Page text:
Africa's medical educators gather for historic meeting

March/ April 2011 | Volume 10, Issue 2

Dr Francis Collins speaks at a podium in front of full conference room, slide projected to his right
Photo courtesy of George Washington University

NIH Director Dr. Francis S. Collins addressed
participants of the Medical Education Partnership
Initiative (MEPI)
, telling them he expects lessons
learned through the  program will inform health care
everywhere, including the U.S.

Optimism was in the air at the inaugural meeting of the Medical Education Partnership Initiative (MEPI), held recently in South Africa. "This is a hopeful time," observed Dr. Francis Omaswa, one of the leaders of the Initiative's coordinating center. Omaswa opened the session, calling it "the largest-ever meeting of African medical educators," and said "we are making history...this is really a milestone in Africa's development."

The more than 230 participants included several African ministers of health, deans and faculty of the region's leading medical schools, two U.S. ambassadors, the NIH director and numerous African and American collaborators.

Omaswa said the initiative, in which the U.S. will invest up to $130 million over five years in African institutions to transform medical education, is an "exceptional" opportunity.

With funding from the U.S. President's Emergency Plan for AIDS Relief, known as PEPFAR, and the NIH, the program supports awards in a dozen African countries, which are being jointly administered by Fogarty and the Health Resources and Services Administration. Seventeen NIH Institutes and Centers and the Common Fund are participating in the initiative. (View a full list of MEPI partners.)

MEPI is unique in that it empowers African leaders to define local needs and develop the most appropriate solutions, said Amb. Eric Goosby, the U.S. Global AIDS Coordinator. He called for "sustained intellectual honesty" and an acknowledgement of "the important role that research plays in anchoring an inquiring mind" in clinical as well as scientific work, both "essential to improving the quality of care."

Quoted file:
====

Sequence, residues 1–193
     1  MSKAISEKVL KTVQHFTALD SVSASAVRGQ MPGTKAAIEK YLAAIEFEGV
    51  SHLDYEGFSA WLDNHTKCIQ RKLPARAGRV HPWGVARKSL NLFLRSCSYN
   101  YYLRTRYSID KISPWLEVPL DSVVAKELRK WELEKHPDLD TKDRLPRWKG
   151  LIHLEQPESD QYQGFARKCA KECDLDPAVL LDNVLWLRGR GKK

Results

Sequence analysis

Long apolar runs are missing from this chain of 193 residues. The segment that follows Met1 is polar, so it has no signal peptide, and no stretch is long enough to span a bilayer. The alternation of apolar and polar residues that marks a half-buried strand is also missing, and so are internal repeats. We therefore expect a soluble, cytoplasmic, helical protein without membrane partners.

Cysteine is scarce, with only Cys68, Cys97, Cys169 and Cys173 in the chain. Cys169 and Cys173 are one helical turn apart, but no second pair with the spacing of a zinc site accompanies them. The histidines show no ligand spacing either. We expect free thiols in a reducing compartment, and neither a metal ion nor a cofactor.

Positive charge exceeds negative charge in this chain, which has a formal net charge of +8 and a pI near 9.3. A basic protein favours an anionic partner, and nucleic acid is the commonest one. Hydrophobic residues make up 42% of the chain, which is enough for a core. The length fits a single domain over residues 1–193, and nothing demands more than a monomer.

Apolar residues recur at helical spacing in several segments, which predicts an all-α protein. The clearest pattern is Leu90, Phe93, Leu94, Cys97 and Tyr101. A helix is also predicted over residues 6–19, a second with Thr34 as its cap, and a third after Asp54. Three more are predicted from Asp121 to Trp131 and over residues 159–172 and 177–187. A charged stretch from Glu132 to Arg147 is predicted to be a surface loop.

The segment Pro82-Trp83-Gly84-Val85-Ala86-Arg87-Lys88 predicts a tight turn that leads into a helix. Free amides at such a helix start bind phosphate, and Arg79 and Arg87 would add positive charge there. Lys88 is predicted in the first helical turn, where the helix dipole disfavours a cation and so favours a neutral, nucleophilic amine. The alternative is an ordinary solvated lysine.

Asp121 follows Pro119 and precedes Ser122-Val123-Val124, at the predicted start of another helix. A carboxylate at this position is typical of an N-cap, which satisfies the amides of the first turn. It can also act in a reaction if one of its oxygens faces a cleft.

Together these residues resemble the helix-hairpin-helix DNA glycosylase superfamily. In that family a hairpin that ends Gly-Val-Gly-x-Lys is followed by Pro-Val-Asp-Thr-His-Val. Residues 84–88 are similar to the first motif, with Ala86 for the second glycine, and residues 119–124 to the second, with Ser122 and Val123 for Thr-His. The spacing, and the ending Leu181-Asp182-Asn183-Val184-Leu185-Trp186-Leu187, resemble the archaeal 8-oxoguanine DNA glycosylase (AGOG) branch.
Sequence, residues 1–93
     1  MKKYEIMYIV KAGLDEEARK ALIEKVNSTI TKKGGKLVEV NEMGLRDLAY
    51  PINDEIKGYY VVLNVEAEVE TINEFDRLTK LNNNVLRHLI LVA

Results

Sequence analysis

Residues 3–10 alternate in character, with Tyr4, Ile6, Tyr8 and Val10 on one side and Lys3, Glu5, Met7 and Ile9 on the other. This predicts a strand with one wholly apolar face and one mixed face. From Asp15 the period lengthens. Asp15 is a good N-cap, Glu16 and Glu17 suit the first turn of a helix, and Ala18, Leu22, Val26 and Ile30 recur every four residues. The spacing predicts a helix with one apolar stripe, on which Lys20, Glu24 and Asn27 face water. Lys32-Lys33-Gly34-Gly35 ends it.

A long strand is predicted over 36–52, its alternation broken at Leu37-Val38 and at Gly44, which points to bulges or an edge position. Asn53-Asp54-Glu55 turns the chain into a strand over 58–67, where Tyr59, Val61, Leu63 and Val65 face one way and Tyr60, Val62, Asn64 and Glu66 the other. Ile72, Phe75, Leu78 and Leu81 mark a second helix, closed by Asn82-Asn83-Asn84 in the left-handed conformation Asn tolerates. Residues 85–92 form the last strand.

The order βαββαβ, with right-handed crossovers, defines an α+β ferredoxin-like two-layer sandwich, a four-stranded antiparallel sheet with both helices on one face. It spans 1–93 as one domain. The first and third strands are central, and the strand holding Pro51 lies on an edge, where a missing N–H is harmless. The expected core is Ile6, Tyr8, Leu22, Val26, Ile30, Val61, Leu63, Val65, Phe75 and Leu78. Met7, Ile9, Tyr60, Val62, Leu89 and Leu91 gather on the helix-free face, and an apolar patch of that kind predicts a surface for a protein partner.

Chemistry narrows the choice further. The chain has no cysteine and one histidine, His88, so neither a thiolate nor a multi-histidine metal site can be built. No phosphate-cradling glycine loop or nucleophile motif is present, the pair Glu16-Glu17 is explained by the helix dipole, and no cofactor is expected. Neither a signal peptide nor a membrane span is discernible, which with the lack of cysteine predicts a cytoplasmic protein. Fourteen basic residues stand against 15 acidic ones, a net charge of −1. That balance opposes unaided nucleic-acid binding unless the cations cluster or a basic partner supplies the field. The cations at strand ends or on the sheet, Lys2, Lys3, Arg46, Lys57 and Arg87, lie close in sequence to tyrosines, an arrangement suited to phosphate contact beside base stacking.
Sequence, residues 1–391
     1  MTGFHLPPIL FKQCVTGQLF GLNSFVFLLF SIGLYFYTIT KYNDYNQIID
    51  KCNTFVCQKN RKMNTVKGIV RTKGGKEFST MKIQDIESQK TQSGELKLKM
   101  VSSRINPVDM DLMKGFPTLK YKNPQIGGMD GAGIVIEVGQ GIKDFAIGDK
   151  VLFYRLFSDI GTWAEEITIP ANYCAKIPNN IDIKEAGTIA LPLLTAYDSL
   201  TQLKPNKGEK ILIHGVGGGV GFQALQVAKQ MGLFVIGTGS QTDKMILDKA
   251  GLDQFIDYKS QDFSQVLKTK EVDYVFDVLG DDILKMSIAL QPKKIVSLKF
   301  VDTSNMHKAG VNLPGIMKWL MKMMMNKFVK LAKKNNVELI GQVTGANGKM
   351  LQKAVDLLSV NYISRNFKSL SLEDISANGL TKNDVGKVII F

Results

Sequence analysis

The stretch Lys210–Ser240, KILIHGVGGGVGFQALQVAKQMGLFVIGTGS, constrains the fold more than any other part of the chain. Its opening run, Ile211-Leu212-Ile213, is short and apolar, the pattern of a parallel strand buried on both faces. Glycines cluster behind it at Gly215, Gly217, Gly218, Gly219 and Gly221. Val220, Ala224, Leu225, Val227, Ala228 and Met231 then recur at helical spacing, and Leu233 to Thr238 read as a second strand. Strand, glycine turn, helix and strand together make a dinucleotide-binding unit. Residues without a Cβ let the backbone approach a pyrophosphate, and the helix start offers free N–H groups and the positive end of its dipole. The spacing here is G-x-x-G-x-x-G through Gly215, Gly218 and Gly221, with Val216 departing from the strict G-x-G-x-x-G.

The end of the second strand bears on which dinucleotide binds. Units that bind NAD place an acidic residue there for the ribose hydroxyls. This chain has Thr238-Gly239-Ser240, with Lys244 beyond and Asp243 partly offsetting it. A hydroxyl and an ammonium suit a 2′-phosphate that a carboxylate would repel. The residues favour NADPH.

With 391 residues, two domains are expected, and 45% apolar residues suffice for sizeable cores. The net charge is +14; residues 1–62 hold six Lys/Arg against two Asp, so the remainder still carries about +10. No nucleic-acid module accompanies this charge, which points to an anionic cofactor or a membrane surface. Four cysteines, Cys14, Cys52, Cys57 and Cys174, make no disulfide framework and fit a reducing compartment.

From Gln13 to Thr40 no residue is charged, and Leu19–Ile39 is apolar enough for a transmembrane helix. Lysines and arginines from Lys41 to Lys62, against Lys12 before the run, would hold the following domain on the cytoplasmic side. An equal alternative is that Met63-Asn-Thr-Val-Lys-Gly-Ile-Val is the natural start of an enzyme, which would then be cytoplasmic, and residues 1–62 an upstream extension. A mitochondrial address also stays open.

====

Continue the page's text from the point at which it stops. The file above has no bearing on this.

The program is not a sign the U.S. is pulling back. Instead, Goosby said, "this is the commitment to make the PEPFAR gains sustainable, rather than just one chapter in the book."

Despite its enormous population and burden of disease, sub-Saharan Africa has only a fraction of the health care workers it needs, according to NIH Director Francis S. Collins. "If we don't have the talented individuals who are going to roll up their sleeves and carry out this work, we aren't going to accomplish very much."

Dr. Glenda Gray, NIH Director Dr. Francis S Collins, and Fogarty Director Dr. Roger I Glass stand speak to each other
Photo by Ann Puderbaugh

In South Africa, NIH Director Dr. Francis Collins and
Fogarty Director Dr. Roger Glass toured a research
site in Soweto with grantee Dr. Glenda Gray of
University of Witwatersrand.

But the quality of training must also be considered, suggested Dr. Miriam Were, chair of Kenya's AIDS council. "Let there be operational research to establish the maximum number that can be included in bedside teaching to ensure we are producing quality medical doctors."

MEPI will also encourage researchers by addressing the lack of infrastructure and support to make research a viable career, protected time to conduct investigations and the data management necessary for population studies, Collins said.

In addition, the program will facilitate information sharing among African institutions. "We hope MEPI will build interactions in a much more interconnected, networked way, as opposed to the twinning model," in which western researchers are paired with African counterparts.

Health care workers are best recruited and trained in the settings where they're needed, said Dr. Laura Cheever, of HRSA's HIV/AIDS Bureau. In the U.S., physicians who train in community settings are three times more likely to work in that environment.

For MEPI to achieve its full potential, participants were encouraged to leverage existing resources. (View a full list of Partnership and Collaboration Resources for Global Health Researchers.) Synergies could also be built with NIH's Human Heredity and Health in Africa project, Collins suggested.

MEPI's African leaders should think creatively and experiment with new ways of teaching, said Fogarty Director Dr. Roger I. Glass. "We have great hopes for what you can achieve."

If MEPI is successful, it will generate innovative models that are useful everywhere, Collins said. "We expect to learn about things through MEPI that will inform health care elsewhere in the world, including the U.S."

Louis Pasteur once said that science belongs to no one country, Collins reminded the participants and added, "Science belongs to Africa, too."

More Information

To view Adobe PDF files, download current, free accessible plug-ins from Adobe's website.

Footer